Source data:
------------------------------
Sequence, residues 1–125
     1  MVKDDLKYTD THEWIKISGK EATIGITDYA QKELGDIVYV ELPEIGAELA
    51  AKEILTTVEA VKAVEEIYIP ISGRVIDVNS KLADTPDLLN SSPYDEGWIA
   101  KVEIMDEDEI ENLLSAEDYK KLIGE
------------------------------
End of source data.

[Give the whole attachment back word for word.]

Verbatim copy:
Sequence, residues 1–125
     1  MVKDDLKYTD THEWIKISGK EATIGITDYA QKELGDIVYV ELPEIGAELA
    51  AKEILTTVEA VKAVEEIYIP ISGRVIDVNS KLADTPDLLN SSPYDEGWIA
   101  KVEIMDEDEI ENLLSAEDYK KLIGE